As an example, say you have a phone number with a country code, such as this one: 001 (206) 123 4567, but you are only interested in capturing the area codes. i.e. the '206' part. The MID formula can help you extract this part.
=MID([select a cell],[where you want to start counting from],[the number of characters you want to capture])
In the example of the phone 001 (206) 123 4567 where you want to capture the area code 206, you want to start at the number 2 after the first parenthesis and capture 3 characters. All characters and spaces are allocated a number starting with 1. In this case the first 0 is character number 1, the next 0 is character number 2, and so on. If you count 001 (206) 123 4567, the area code starts with character number 6 (notice, spaces also count as a character). The formula will therefore become:
#3. Combining Text
If you have two cells that you would like to combine, say ‘First name’ and ‘Last name’. There is a neat function within Excel to do this. By using the ampersand (&) you can combine content of two cells into one new cell. If you just want to combine two text strings, simply start out with the equal sign, select the first cell add an '&' and select the second cell.
=[Cell 1]&[Cell 2]
However, in this case we want to combine a first name and a last name, say Jane Doe. To avoid that the output becomes JaneDoe, you need to add a space between the two cells. To do this add two quotation marks with a space in-between, and include it as an element between the two cells. The formula should look like this.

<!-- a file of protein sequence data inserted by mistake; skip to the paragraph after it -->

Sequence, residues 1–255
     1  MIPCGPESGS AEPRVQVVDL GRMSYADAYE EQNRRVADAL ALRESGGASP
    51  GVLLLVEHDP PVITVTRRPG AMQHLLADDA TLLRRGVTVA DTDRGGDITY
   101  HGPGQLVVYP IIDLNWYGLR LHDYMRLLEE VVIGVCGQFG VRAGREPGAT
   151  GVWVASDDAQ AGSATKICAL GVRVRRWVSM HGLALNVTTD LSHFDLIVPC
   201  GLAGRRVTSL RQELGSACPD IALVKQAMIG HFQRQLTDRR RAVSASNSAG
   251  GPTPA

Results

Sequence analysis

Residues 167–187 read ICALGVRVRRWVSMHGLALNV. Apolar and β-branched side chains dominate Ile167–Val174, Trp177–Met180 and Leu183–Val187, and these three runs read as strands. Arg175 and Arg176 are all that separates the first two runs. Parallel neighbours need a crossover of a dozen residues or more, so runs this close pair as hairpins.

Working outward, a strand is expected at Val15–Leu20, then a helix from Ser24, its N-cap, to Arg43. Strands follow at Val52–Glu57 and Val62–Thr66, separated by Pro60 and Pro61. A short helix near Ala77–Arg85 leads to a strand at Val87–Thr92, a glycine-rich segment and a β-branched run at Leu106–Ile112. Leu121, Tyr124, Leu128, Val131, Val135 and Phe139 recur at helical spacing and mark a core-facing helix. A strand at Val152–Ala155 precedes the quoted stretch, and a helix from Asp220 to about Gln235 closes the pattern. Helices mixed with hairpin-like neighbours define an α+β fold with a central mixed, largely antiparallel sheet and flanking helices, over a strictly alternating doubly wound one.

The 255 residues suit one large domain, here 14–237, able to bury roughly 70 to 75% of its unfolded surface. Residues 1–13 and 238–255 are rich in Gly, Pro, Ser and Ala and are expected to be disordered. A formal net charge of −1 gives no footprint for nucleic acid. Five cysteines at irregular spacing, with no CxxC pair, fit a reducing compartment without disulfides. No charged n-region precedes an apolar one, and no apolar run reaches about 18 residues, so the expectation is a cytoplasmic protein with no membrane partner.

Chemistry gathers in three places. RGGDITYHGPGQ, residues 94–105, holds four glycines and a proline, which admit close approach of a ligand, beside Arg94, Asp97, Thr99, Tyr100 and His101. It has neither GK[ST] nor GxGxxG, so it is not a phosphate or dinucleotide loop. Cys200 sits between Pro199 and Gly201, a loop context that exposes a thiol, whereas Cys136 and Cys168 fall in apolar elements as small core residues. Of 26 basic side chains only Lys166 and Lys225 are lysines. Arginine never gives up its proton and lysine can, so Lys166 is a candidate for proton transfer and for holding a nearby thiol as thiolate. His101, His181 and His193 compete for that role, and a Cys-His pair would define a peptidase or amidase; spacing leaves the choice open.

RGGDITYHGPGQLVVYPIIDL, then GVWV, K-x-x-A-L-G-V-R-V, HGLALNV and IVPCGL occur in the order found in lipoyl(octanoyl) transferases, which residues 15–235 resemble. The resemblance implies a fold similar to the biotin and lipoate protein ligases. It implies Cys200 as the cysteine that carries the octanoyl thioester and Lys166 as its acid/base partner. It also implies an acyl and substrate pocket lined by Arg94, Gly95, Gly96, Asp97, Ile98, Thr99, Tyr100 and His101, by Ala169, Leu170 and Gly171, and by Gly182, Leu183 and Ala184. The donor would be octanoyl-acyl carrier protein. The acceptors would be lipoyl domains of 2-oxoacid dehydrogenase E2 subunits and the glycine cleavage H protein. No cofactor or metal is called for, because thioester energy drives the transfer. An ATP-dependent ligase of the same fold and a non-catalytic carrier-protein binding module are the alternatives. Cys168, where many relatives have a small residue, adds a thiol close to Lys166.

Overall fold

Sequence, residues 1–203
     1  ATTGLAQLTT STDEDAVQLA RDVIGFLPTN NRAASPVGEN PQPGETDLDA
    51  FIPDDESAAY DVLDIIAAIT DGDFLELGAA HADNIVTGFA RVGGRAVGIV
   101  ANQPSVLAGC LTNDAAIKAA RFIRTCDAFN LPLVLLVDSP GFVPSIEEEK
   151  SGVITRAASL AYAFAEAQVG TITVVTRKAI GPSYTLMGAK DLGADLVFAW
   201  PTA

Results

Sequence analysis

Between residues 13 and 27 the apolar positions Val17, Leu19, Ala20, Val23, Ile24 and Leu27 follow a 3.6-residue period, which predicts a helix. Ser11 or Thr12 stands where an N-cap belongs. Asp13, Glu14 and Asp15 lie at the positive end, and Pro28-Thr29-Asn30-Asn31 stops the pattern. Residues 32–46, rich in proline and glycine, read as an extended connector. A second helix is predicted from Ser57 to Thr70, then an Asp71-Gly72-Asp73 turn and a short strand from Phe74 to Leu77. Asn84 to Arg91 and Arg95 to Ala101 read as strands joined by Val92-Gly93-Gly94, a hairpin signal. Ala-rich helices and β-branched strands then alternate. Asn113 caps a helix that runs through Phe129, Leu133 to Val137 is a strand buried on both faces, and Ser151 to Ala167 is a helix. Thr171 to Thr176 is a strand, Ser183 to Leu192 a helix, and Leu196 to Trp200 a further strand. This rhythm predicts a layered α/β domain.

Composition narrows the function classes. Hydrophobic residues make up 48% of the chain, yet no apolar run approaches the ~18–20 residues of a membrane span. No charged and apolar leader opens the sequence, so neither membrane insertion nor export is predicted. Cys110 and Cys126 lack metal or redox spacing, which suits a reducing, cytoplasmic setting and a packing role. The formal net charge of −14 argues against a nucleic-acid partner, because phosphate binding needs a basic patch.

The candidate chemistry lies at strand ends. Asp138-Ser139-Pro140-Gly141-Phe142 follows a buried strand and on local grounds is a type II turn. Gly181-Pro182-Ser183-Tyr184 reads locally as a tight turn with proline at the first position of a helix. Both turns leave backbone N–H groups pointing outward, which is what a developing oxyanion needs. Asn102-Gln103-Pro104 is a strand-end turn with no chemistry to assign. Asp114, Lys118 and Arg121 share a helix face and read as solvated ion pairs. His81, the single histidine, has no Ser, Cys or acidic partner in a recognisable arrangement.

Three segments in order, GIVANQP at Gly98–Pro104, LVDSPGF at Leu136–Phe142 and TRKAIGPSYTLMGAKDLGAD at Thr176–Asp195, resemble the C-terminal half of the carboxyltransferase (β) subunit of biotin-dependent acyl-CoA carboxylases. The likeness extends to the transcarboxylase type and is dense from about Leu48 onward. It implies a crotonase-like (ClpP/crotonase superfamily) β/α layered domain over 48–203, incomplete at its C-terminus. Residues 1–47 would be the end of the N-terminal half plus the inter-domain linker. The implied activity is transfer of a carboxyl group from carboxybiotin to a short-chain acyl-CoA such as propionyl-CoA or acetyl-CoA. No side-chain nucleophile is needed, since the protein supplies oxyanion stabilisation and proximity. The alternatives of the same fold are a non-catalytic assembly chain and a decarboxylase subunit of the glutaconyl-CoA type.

=[Cell 1]&” “&[Cell 2]
#4. LOWER and UPPER
A way to make data entries more uniform is by using the formula LOWER. LOWER turns all letters of a specific cell into lowercase letters. This is a quick way of making sure all data entries for a category are bucketed together. A common case where this formula comes in handy is with place names, as these tend to be spelled in various ways, e.g. Boston, boston, bOSTN, or BOSTON. With this formula, all the data entries will be spelled boston.
(the ‘text’ part in the parentheses refers to the cell you want to convert to lowercase letters)
A variation of this formula is UPPER, which works in the same fashion as LOWER but turns all letters into uppercase letters.
As you might have noticed, place names will not necessarily be spelled correctly if you only use one of these formulas, but if you combine these two formulas and the LEFT and MIDDLE formulas, you can makes sure it’s spelled Boston instead of boston or BOSTON.
This is slightly more complicated, so hang tight. Regardless of if Boston is spelled, BOSTON, boston, BostoN, or bOSTON, you would want the first letter to be capitalized (UPPER) and the remaining characters to be lowercase (LOWER). To do this you will have to combine the formulas and functions UPPER, LEFT, '&', UPPER, and MID.
Let's break it down to see what needs to be done.
#1. Capture the first character 'b'
#2. Make sure the first character is always capitalized